Good Nutrition at Every Age
Maternal weight before pregnancy has been shown to be one of the most important predictors of childhood obesity, not just weight gain during pregnancy.
Research points to the health and nutrition of the to-be-pregnant mother and pregnant mother as opportunities to affect the long-term health outcomes of their children. Maternal weight before pregnancy has been shown to be the one of the most important predictors of childhood obesity, not just weight gain during pregnancy.
Additionally, the quality of food during pregnancy may have an influence on health outcomes. A study of pregnant rats fed a junk food diet found their offspring preferred junk food. Even when they were fed a healthy diet after birth, offspring were heavier and experienced higher cholesterol and insulin levels than rats whose mothers ate a healthy diet during pregnancy.
Moving onto infants and toddlers. Early food preferences are mostly set by year 2 to 3. This means that a 1-year-old who is fed juice, chicken nuggets, crackers and sweets, will likely prefer those foods compared to a 1-year-old who is fed fruits, vegetables, whole grains and lean meats.
Then, by age 2, the complaint is that their child is “picky” and won’t eat fruits and vegetables. Parents still choose the foods at this point so the child only gets to decide how much of that food he or she eats.
Quality pharmaceutical-grade vitamins and omega-3 fats for pregnant mothers and children is another cornerstone of good nutrition.
What is the most important thing to create good nutrition at every age? It is to take the time and have enjoyable and “mindful” family meals. “Mindful eating” can be defined as using internal cues from the body, not external cues to eating. It is the art of fostering a positive relationship with food and the body.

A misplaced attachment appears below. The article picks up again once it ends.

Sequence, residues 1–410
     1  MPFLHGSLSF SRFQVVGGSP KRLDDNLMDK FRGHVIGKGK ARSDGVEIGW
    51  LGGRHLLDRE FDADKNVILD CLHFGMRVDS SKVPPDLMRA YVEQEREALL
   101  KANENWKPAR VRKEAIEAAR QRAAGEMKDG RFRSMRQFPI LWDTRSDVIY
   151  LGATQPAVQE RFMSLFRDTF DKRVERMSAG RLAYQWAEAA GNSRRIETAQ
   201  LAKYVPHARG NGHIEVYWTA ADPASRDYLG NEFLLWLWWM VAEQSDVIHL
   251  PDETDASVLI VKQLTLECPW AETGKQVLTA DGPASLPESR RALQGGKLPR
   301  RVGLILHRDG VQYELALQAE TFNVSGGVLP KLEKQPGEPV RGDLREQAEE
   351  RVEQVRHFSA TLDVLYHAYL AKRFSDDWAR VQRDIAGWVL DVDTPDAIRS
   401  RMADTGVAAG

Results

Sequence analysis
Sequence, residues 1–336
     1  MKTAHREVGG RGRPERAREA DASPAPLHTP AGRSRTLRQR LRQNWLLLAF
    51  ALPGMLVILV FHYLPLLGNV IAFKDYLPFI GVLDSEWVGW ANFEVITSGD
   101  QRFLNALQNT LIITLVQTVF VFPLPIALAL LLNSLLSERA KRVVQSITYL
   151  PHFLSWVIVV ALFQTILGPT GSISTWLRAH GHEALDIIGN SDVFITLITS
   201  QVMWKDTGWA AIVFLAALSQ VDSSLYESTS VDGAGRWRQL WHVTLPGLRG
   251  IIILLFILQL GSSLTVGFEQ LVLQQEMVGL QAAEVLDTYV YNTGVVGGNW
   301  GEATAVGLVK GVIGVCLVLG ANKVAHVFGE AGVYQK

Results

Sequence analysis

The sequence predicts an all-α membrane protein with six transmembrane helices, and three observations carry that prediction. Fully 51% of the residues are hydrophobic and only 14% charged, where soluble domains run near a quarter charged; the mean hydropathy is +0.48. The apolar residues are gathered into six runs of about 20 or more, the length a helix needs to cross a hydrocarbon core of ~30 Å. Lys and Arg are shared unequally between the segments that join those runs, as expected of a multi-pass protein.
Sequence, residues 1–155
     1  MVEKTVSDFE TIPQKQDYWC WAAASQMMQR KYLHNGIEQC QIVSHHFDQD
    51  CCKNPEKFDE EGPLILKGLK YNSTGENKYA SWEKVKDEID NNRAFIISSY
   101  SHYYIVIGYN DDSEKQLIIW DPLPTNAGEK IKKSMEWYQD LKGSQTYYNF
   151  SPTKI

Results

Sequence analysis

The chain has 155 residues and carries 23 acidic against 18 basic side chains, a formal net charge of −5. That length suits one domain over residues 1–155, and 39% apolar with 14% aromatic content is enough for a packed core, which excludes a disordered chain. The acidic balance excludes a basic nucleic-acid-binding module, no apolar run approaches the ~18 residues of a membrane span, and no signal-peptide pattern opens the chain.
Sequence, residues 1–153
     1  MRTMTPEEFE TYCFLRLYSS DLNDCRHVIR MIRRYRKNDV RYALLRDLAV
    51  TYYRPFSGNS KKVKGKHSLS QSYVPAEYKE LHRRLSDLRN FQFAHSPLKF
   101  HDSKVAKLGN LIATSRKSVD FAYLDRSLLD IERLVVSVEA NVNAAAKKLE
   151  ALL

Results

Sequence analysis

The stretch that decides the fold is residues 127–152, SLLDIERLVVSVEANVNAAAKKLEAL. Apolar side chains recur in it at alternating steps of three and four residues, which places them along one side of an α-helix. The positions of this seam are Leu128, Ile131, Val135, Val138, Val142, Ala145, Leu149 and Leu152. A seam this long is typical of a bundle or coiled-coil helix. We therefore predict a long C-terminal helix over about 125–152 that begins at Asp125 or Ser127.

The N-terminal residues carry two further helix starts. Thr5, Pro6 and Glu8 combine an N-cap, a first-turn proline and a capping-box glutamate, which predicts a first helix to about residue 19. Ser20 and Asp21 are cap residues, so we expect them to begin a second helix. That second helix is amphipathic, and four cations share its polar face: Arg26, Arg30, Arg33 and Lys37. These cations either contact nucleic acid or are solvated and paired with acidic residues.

Family meals mean no watching TV, playing on phones or texting. It means eating slowly and keeping meal conversation pleasant; honoring hunger and fullness.
Studies have shown that frequent family meals lowered the risk of smoking, drinking, drugs, disordered eating habits, depression and obesity in teens. In addition, teens had better grades and ate healthier.
Nagging, bribing and having battles about eating are not productive. Instead, parents with picky eaters, should role model healthy eating. For picky children, have them explore smelling, touching or licking new foods. Make the simple act of exploring a new food a positive, pleasant experience.
In adults, research has shown that mindful eating may be an effective intervention for increasing awareness of hunger and satiety cues, improving eating regulation and dietary patterns, reducing symptoms of depression and anxiety, and promoting weight loss.
So start by eating mindfully and you can create a path of health for yourself and future generations!
Christine Wood, M.D., F.A.A.P., grew up in Michigan, and completed medical school at the University of Michigan. She is a practicing pediatrician and current member of USANA’s Scientific Advisory Council, offering advice to Associates about healthy eating habits for children and young adults. She has published a book titled How to Get Kids to Eat Great & Love It, which is filled with practical, easy-to-understand information for parents.